Veteran Carney looking to the future after COVID-thwarted tilt for NPL Golden Boot

Michelle Carney


In the lead for the NPLW NSW golden boot, 39-year-old Michelle Carney was denied the chance to capitalise on her red-hot form when the campaign was brought to a premature end. In part VIII of KEEPUP with the NPL, Carney tells Matthew Comito how disappointment quickly turned to motivation for the 2022 season.

IT seemed nothing would stop evergreen Illawarra Stingrays striker Michelle Carney as she led the charge for the NPLW NSW Golden Boot at the midway point of a tightly-fought season.

But the 39-year-old was to be thwarted eventually – not by defensive lines and adept goalkeepers, but by the worsening COVID climate which called for the premature suspension of a season just clicking into gear.

With Carney leading a swathe of current A-League strikers in the race for the golden boot, and six teams within six points of one another in the top half of the table, everything was up for grabs in a tightly-fought campaign – until it wasn’t.

“I thought coming toward the second half of the season, toward the end of the first round we started to hit form,” Carney said. “We were looking good. We had a few good wins on the trot and we were pretty positive on our performances that we’d make finals. 

“It was a shame the season had to end, because I thought we were coming into the second round (of fixtures) on good form. We started off well, then we had a few injuries. We lost a few games, but then we started to get onto a good run. We started playing well, and it was just unfortunate the season had to end halfway through.

“There was only one or two points, and then you could be up to second. It was really close. I thought we were pretty confident in the way we were playing that we could make finals and have a good crack at it.”

PART I: Border closures re-route teenage ref on unlikely path to NT Grand Final
PART II: “I didn’t know you could jump that high!” – Maria Rojas leaps toward NPL glory

Football NSW cancelled all of its competitions on August 12, with a Public Health Order in place and lack of a roadmap out of lockdown providing more questions than answers about the foreseeable future of the state overall, let alone its football seasons.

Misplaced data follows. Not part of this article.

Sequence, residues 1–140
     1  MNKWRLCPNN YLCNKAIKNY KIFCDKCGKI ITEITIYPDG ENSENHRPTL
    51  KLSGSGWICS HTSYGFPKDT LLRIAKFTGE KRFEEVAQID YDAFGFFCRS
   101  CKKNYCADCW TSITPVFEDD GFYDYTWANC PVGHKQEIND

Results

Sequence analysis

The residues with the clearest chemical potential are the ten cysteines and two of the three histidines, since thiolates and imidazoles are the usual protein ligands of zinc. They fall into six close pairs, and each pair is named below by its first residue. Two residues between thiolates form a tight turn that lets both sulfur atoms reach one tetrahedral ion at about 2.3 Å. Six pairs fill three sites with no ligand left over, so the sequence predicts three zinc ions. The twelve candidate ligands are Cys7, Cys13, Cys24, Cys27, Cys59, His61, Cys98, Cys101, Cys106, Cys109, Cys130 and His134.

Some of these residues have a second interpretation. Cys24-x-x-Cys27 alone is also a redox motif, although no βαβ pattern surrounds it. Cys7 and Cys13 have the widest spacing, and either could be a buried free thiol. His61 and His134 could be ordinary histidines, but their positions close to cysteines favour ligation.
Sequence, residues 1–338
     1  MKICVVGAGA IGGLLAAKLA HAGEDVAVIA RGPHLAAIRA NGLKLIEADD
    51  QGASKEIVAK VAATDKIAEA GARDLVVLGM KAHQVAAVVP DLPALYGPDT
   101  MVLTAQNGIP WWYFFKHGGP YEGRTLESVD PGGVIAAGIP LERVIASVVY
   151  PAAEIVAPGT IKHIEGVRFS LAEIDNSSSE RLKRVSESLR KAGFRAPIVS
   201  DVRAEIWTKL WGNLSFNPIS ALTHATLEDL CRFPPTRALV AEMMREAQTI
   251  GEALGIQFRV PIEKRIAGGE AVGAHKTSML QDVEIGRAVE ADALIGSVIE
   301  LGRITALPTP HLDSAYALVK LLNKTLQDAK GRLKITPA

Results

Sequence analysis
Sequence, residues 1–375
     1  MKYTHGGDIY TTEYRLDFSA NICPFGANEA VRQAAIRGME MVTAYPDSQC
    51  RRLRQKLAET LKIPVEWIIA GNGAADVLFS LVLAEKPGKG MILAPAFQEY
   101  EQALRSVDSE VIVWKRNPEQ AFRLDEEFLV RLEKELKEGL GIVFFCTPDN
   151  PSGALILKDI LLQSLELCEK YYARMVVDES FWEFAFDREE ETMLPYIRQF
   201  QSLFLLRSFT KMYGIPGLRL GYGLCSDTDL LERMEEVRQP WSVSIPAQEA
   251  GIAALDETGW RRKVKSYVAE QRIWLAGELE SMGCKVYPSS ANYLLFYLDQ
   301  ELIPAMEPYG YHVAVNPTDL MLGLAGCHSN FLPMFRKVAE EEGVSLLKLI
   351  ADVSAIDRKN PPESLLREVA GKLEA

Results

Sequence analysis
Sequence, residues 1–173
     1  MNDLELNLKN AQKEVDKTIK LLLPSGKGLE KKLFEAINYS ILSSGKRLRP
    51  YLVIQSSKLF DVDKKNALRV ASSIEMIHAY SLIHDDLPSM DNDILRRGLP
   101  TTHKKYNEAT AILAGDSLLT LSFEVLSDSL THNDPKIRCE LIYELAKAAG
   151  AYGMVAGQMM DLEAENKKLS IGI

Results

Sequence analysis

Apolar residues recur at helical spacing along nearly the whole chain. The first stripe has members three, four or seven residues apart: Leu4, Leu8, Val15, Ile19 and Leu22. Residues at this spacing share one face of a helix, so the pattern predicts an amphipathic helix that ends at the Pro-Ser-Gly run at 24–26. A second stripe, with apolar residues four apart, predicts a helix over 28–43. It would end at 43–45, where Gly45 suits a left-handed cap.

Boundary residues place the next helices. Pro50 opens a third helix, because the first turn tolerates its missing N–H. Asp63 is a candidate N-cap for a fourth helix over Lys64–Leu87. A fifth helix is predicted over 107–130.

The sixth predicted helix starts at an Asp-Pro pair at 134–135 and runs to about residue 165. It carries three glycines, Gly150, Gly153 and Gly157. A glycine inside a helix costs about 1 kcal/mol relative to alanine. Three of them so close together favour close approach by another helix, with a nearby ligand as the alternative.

With 12 rounds completed and 10 to play, Carney’s Stingrays sat in sixth spot on the table. But just two wins separated the Stingrays from Sydney Olympic FC at the top of the standings.

Carney had nine goals from 12 games to her name at the time of the season’s cancellation. She sat atop the Golden Boot charts ahead of current Melbourne City player Kaitlyn Torpey, Newcastle Jets forward Lauren Allan, veteran striker Leena Khamis and Melbourne Victory’s Maja Markovski, who all had seven goals apiece on the board.

Carney says she hardly noticed her place on the standings with focus purely on team-oriented outcomes.

“I’ve been playing for the Stingrays for many years. I was generally just doing my job,” she said. “I’m lucky enough to have good players around me that set me up, and I’m just there to finish off. But the body was feeling good, I was feeling fit, it was just disappointing that it had to end.

“I can’t remember, I’ve won it a couple of times. I never really look at that, I just focus on getting the three points, that’s the main focus. I don’t really care who scores.”

At 39 years of age, Carney took the season’s suspension with perspective and understanding, accepting what was a bitter pill to swallow for a competitor at heart, but a necessary one to swallow for a human being with empathy and compassion for the hardships being endured by the people of NSW.

“It definitely was tough, but it was something you’ve just got to deal with. It was unfortunate, it was frustrating but it was out of our hands. You just had to move on and accept it.

PART III: ‘The trophy was at the other ground!’ NPL Tasmania’s dramatic final day 
PART IV: Patience the virtue for Hecher and invincible Lions FC

“We’re looking at a fresh season, and hopefully having a full season next year. It’s looking promising, there’s a lot of young players coming through and a good mixture of experience and non. We’re looking forward to having a good season, and hopefully a full one.

“I think it’s going to bring that extra passion and drive. You miss the game, so everyone will be excited to play again. 

“I think it’s going to bring that extra spark in the coming season. There’ll just be a good thing out of this. 

And as for another tilt at the NPLW NSW Golden Boot: “Let’s hope so,” Carney said. “We’ll see. It’s always nice to score but the main thing is the win.”

Featured image credit: Football NSW.

PART V: Perth captain opts against ACL surgery on path to clinching NPL crown
PART VI: Michael Bridges finds deeper meaning as NPL title chance disappears in puff of smoke
PART VII: When the lights went out on a truncated NPL campaign
PART IX: Suspended NPL seasons send ripples through Victorian football community